It’s Still Socioeconomic Status: Unravelling the influence of Social Origins on Students’ Learning Attitudes and Beliefs

Author: Dr Cheng Yong Tan, Associate Professor, The University of Hong Kong

Most of us may have heard the refrain about how students’ social origins such as socioeconomic status (SES) can have a large influence on their academic achievement and by extension, occupational and life trajectories. Perhaps no scholars have catapulted this realization as prominently as Coleman and his colleagues (1966) in the Coleman Report almost 60 years ago. Since the publication of this influential work, many scholars have reported confirmatory evidence of the association between SES and student achievement (Sirin, 2005).

The rise of positive psychology has, however, turned the proverbial SES on its head. Specifically, proponents of positive psychology have sold the overtly optimistic, empowering idea that we can improve students’ learning outcomes by focusing on psychological attributes that matter to students, such as students’ learning attitudes and beliefs, instead of constraining social circumstances. This argument dismisses the role of SES in student learning and relegates SES to the margins (Donaldson et al., 2015).

When we juxtapose the SES and positive psychology literatures, one cannot but ask a hard question: Can we so easily influence the levels of students’ attitudes and beliefs regardless of their social origins?

I have addressed this question in a study recently published (Tan, 2022). In my study, I examine whether students’ attitudes and beliefs are influenced by their SES. I also compare the influence of SES on the one hand, and science classroom instructional processes and school science resources on the other, on students’ science achievement. My data come from 15-year-old 5,355 students and their parents in Hong Kong who participated in Programme in International Student Assessment 2015.

My analysis shows that students from families with higher levels of SES (as measured by parental educational attainment and occupational status and home educational and cultural resources) have higher levels of science achievement. These findings are expected and they allude to direct SES effects on student learning that mainstream researchers have been demonstrating in their studies.

What is intriguing is the second set of findings that, compared to students from disadvantaged families, students from higher SES families have more positive science attitudes and beliefs (namely, science epistemological beliefs, interest, and self-efficacy) which then contribute to their science achievement. These findings provide compelling evidence of indirect SES effects on student learning. They challenge the argument that we can improve students’ learning outcomes by working on their attitudes and beliefs per se. When I add the indirect to direct effects, I find that the total SES effect on students’ science achievement is 1.70 times that when we only include direct SES effects.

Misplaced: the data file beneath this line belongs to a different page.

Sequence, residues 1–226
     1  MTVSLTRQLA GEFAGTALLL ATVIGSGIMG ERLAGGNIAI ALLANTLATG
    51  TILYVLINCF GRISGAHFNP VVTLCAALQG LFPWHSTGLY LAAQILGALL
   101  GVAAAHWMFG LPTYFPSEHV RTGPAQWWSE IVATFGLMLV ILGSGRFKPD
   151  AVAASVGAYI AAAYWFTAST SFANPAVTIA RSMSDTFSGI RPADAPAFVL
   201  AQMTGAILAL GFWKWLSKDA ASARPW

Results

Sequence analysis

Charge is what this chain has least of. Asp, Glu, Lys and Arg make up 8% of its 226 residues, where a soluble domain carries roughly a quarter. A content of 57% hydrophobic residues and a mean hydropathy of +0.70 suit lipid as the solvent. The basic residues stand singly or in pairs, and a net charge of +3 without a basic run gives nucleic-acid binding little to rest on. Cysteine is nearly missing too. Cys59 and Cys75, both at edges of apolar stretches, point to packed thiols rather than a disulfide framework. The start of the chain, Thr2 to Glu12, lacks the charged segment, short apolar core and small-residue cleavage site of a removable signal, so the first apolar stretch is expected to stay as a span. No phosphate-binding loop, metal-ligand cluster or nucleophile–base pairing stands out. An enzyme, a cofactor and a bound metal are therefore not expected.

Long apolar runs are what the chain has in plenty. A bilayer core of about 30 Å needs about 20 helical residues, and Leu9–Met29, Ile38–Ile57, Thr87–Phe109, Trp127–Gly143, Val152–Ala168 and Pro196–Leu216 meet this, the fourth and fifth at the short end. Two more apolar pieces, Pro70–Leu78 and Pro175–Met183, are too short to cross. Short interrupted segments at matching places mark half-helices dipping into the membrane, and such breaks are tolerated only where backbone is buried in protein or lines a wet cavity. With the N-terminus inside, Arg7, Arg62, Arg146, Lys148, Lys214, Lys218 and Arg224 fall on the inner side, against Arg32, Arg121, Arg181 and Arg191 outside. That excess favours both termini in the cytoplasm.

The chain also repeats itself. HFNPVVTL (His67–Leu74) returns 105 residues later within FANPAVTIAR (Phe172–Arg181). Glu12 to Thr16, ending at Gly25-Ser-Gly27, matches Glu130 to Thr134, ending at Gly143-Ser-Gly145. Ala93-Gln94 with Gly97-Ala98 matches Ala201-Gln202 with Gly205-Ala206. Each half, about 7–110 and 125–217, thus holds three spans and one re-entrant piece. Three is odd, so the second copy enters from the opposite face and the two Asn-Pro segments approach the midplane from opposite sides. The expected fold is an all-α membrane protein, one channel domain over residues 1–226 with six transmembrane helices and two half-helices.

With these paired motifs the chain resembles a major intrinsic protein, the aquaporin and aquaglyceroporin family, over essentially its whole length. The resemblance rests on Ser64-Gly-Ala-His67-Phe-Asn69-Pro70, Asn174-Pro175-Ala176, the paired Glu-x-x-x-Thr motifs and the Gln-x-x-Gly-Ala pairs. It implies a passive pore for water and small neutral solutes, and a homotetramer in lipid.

Furthermore, my analysis shows that science classroom instructional processes (namely, class disciplinary climate, inquiry-based teaching, teacher support for student learning, teachers’ direct instruction, teachers providing feedback, and teachers’ instructional adaptation to cater to student needs) only contribute marginally to students’ science achievement. School science resources are not related to students’ science achievement. The total SES effect (direct and indirect) is 268% that of the total effect for the six science classroom instructional processes. These findings highlight the relative influence of SES as compared to classroom processes or school resources.

The implications from this study are stark. First, SES has a larger influence on students’ learning outcomes than we may have realized. Students from higher-SES families benefit directly from their parental and home resources and indirectly via having more positive levels of learning attitudes and beliefs. The corollary is that the design of interventions to improve student motivation must at the very least consider students’ SES backgrounds to be efficacious.

Second, classroom instructional processes and school resources, desirable as they may seem, may not be as effective for improving student learning as we will expect them to be. These findings indicate the need for school leaders and teachers to deepen home-school collaboration to understand and address student needs, especially for students in disadvantaged families, so as to improve instructional effectiveness.

The third and last implication is that secondary school students are not impervious to the effects of social origins in their science learning. As our society becomes ever more integrated with advances in science, technology, engineering, and mathematics (STEM), the study provides a clarion call for policymakers to address the impact of social origins on our youth’s learning attitudes and beliefs. Our youth, regardless of their familial SES, deserve an equal opportunity to be successful in school and life beyond.


Coleman, J. S., Campbell, E. Q., Hobson, C. J., McPartland, J., Mood, A. M., Weinfeld, F. D.,

& York, R. L. (1966). Equality of educational opportunity. US Government Printing Office.

Donaldson, S. I, Dollwet, M., & Rao, M. A. (2015). Happiness, excellence, and optimal

human functioning revisited: Examining the peer-reviewed literature linked to positive psychology. The Journal of Positive Psychology, 10(3), 185-195.

Sirin, S. R. (2005). Socioeconomic status and academic achievement: A meta-analytic review

of research. Review of Educational Research, 75(3), 417–453.

Tan, C. Y. (2022). Direct and indirect influences of familial socioeconomic status on students’

science achievement. Oxford Review of Education. Advance online publication.

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